4 New Karambits That Are Very Different

4 New Karambits That Are Very Different
About the only unifying trait among the latest karambits is the handle ring. From left: RMJ Tactical Korbin, Smith & Wesson Extreme Ops, Boker Wildcat XL and TOPS Knives Poker.


The latest karambits come in an assortment of sizes, shapes, blade patterns, materials, fixed blades and folders, and price ranges. Whether for utility, self-defense or what have you, today’s karambits are ahead of the curve. In fact, some have even eschewed the traditional curved blade cent of that of a Japanese kiridashi, and is for a variety of patterns.

In other words, today’s versions of the knives with the ring in the handle butt have that unfamiliar ring to them.

The karambit traces its roots to Indonesia, where it was first used in agricultural chores such as cutting rice. The original was much larger, but it began to be scaled down as its prowess in self-defense became more prominent. Most, though not all, karambits have the familiar safety ring at the base. They come in both fixed-blade and folder options and, to many users, are just as much for EDC as self-defense.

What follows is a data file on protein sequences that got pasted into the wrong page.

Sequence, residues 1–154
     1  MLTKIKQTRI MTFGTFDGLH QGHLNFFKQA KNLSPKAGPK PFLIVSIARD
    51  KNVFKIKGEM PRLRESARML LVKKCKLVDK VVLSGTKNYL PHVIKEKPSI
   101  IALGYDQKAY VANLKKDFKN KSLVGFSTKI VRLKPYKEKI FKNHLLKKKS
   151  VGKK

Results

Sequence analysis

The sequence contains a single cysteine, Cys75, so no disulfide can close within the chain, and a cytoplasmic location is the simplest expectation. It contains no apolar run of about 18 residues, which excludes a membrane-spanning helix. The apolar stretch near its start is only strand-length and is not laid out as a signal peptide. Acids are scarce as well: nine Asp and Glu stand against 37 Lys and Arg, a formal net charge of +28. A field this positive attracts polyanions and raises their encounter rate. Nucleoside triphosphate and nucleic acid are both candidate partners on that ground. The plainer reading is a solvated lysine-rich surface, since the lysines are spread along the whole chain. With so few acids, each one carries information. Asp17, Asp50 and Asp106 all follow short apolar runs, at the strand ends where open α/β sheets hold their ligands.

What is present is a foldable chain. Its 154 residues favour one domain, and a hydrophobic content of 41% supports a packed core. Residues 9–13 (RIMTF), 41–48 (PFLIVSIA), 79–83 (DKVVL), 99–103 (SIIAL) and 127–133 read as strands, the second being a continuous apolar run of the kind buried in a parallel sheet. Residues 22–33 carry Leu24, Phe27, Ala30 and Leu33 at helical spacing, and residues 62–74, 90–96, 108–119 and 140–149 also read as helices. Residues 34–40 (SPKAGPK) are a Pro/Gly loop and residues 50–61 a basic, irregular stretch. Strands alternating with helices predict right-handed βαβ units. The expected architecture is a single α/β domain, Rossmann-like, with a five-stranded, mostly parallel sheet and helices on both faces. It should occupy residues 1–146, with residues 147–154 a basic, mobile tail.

Karambits typically have a hawkbill blade, but you can’t tell by looking at our featured foursome. Manufacturers have diversified the knives’ blade shapes recently, thus offering something different in order to gain an edge over the competition. My team tested the four blades for cutting performance and tactile characteristics using the two main karambit grips: reverse, which is the main one for combat, and forward, which is more utilitarian.

It should be noted that karambits can be hazardous if you try spinning them as is often portrayed in YouTube videos. I spoke with two prominent edged-weapons combat trainers about spinning the knife. They both affirmed that the practice is useless in combat and is primarily used to perform tricks. Whatever the case, if you use a karambit for self-defense, it’s highly recommended that you seek professional instruction and start off with plastic or rubber training iterations of the knife.